But how does one acquire these skills? They often come through failure, failure, partial success, more failure, and ultimately complete success. Again and again, those involved in research are compensated by success only after they’ve been in a seemingly irreversible downhill slide, navigating between shadow and light.
These are often the inconvenient facts: “In research work,” says Joe, “you might fail fourteen times before making a gain. But by those failures you learn what not to do and, crucially, you need to retain your enthusiasm throughout.” WD40, the ubiquitious penetrating, water-repelling lubricant, succeeded only after 39 defeats.
A native of Madison, Wisconsin, when Joe Hornick arrived in the South over two decades ago, he gained a reputation as a fabulous virtuoso in race engine preparation. The reputation was supported by the successes of the race teams he joined; he was an enterprise unto himself.
Hornick is a deeply reflective interpreter. He listens, he learns. “Most racers want to flourish,” he says; “they want to be propelled to prominence.” Jason Scruggs, Rick Jackson and Norm Grimes are three such candidates. Sometimes, the latter two contest the title in fields of 30 cars or more. All three carry the promise of victory.
Rick Jackson, who runs John Lombardo Jr. in his Top Alcohol Funny Car, admits that he’s been on a far firmer footing since first contacting Joe five years ago with valve gear concerns.
Hornick’s attitude toward the race car, particularly the race engine, is very serious. Says Norm Grimes, “If there is vulnerability, he rarely shows it. He uses a fine-grained analysis, pruning away until he arrives at the solution to the problem.”
Nevertheless, his engineering knowledge was greatly reinforced by immersing himself each year in thousands of hours of testing (dynamometer and Spintron and track). Mind you, heading a Cup team with an annual multi-million dollar research budget can be the ideal vehicle for any ambitious spirit that wants to make an indelible mark in racing. Yet, for Joe Hornick and his innate thirst for knowledge it presented a much more compelling option: an opportunity to learn more. An inveterate observer and questioner, he is constantly seeking and sifting information.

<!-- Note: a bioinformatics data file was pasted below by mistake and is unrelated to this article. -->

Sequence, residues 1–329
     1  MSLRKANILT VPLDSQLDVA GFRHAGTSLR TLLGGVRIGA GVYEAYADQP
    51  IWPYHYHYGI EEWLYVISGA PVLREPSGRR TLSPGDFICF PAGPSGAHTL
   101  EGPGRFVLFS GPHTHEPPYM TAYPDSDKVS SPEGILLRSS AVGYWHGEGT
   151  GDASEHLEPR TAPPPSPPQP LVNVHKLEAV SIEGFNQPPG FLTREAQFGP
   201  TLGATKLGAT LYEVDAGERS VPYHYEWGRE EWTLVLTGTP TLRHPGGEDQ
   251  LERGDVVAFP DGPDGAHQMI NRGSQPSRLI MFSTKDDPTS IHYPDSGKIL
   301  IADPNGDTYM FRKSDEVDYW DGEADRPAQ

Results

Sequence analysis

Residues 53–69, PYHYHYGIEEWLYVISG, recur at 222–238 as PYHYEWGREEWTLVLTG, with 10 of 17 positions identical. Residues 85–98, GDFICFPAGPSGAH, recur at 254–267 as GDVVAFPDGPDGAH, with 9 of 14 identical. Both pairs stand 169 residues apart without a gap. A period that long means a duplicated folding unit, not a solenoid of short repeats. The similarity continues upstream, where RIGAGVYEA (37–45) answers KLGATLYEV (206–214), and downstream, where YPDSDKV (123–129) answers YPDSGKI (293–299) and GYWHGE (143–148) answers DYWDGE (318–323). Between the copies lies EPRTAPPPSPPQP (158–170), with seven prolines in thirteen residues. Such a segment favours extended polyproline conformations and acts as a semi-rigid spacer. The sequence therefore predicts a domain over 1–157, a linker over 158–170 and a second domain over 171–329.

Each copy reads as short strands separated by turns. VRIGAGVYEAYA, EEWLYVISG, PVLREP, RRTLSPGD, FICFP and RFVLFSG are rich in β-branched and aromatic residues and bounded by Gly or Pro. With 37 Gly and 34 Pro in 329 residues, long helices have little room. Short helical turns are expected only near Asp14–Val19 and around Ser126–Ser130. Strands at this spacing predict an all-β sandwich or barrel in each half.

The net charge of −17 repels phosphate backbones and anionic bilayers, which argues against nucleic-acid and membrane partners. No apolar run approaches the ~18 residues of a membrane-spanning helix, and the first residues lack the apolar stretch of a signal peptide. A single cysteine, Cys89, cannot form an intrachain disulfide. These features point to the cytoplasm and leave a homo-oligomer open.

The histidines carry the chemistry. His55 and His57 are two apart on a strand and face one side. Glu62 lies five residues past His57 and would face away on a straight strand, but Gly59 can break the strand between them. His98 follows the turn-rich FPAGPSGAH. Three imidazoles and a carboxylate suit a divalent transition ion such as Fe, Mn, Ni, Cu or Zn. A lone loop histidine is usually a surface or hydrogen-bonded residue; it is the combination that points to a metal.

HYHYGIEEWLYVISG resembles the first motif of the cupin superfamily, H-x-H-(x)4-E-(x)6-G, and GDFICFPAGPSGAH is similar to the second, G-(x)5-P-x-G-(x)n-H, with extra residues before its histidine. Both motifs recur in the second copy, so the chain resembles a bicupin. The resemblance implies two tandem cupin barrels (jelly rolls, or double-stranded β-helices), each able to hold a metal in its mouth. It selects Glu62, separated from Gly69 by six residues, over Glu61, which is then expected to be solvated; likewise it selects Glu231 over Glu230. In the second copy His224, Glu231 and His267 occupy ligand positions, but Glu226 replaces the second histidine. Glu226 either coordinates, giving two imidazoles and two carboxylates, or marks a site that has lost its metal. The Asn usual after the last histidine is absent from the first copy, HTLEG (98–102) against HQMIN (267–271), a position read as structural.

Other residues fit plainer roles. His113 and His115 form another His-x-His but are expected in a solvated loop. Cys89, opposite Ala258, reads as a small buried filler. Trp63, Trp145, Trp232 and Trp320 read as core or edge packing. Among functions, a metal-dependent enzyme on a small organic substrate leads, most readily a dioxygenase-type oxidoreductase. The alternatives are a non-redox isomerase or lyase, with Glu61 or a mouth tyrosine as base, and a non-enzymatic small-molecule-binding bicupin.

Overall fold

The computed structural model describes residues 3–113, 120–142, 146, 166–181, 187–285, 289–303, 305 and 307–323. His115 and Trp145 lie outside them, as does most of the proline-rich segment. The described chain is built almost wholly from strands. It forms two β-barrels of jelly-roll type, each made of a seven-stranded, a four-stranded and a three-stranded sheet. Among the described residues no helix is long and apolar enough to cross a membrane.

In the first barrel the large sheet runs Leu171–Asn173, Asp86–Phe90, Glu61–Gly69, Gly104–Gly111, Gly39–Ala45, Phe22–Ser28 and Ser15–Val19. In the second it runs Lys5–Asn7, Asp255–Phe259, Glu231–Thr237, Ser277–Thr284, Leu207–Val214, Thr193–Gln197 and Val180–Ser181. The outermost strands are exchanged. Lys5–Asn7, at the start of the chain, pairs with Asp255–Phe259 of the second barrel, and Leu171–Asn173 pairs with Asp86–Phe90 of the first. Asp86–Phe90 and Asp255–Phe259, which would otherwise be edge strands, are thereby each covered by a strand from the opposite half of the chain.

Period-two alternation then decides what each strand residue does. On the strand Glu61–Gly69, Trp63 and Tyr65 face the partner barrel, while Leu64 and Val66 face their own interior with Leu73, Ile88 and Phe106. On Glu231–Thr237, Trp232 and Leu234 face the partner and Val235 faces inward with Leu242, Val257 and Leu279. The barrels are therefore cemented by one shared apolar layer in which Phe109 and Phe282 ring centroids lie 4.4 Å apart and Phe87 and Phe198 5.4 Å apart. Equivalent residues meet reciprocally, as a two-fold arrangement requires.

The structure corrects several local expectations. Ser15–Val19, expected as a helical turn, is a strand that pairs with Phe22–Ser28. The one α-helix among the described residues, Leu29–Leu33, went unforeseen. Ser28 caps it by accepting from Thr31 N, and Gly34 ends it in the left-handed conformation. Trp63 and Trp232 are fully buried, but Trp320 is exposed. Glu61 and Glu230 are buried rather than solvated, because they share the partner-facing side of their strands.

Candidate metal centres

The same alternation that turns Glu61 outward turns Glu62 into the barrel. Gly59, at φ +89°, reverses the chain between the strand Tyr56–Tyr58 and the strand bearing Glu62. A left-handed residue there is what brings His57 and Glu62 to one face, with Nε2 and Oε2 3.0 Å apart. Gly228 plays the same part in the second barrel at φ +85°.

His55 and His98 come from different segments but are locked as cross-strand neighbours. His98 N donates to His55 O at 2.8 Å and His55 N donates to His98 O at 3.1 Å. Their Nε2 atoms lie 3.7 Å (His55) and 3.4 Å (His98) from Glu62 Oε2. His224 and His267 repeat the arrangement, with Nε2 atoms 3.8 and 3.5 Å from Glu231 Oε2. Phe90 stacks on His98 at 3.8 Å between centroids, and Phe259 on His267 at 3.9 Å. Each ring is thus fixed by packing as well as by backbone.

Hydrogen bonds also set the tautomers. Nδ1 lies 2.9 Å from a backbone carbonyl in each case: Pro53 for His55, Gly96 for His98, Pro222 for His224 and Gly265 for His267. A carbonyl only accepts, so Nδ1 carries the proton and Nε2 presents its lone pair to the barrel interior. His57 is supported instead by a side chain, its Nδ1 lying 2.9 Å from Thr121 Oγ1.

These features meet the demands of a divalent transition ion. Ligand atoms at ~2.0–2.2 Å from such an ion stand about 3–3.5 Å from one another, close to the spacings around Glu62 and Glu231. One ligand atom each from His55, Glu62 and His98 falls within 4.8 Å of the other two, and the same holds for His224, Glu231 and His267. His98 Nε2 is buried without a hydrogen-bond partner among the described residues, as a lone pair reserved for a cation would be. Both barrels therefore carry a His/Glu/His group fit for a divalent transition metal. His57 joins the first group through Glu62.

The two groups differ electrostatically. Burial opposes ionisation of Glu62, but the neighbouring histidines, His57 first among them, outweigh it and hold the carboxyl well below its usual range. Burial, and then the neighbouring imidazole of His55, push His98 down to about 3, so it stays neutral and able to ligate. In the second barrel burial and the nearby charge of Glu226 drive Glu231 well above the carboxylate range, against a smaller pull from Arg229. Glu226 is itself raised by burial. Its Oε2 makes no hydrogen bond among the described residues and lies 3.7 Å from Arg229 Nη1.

Of course anything can happen over the course of a racing season. “Things go wrong,” explains Richie Gilmor of Earnhardt Childress Racing, “but no matter how bleak things look, Joe’s presence tends to bring an expectation that all problems have their solutions and he’ll find them.”
“In my community—that is in professional drag racing,” says John Medlen, “I noticed that he’d tackle anything, from top professional teams to off-the beaten-path teams—he’d even hop on board with obscure racers trying their best to succeed, so long as they didn’t compete with his regular racing clients. That’s when I got to know him.”
Moreover, it’s easy to become indoctrinated by your own dogma—your own beliefs. NHRA Pro Stock Motorcycle multi-time champion George Bryce once said that Joe was the central figure of every Pro Stock team you ever cared about that suddenly experienced an upturn in performance.
The old phrase, “there is no stupid question” is not one Joe Hornick readily accepts. “A stupid question,” he says, “is one that has had no forethought before being asked. I appreciate those who try to think through the problem for themselves before asking the question, rather than idly posing it.” But for the serious-minded, he has demonstrated you are stronger together by having access to someone who can determine the critical factors that bring a successful solution to a given problem.
Ernie Elliott Inc.
John Force Racing
Norm Grimes Racing (TAD)
Rick Jackson (TAFC)
Rick Jackson Racing
Joe Hornick, Inc.,
155 Bevan Dr.,
Mooresville, NC 28115